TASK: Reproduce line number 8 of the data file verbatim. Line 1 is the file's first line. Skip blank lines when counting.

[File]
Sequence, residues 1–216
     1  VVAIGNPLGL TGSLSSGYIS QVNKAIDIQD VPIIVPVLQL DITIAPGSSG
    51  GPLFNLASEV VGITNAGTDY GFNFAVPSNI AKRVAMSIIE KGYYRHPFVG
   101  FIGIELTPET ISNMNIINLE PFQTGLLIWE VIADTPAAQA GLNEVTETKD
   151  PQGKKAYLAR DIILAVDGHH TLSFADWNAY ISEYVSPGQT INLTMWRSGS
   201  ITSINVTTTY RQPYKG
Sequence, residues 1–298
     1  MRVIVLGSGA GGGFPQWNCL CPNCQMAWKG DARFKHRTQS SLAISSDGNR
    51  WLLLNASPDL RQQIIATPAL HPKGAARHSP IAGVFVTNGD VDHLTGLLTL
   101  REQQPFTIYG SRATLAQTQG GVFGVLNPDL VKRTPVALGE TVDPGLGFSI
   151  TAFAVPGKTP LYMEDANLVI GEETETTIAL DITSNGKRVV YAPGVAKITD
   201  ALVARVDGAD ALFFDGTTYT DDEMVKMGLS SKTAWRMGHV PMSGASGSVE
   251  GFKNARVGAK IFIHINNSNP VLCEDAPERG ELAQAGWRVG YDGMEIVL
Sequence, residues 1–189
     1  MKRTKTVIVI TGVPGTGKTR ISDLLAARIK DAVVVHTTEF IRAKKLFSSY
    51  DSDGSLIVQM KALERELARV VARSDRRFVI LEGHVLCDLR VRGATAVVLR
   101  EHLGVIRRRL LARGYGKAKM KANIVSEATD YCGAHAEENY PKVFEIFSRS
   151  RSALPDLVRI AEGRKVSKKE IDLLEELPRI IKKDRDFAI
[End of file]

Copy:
     1  MRVIVLGSGA GGGFPQWNCL CPNCQMAWKG DARFKHRTQS SLAISSDGNR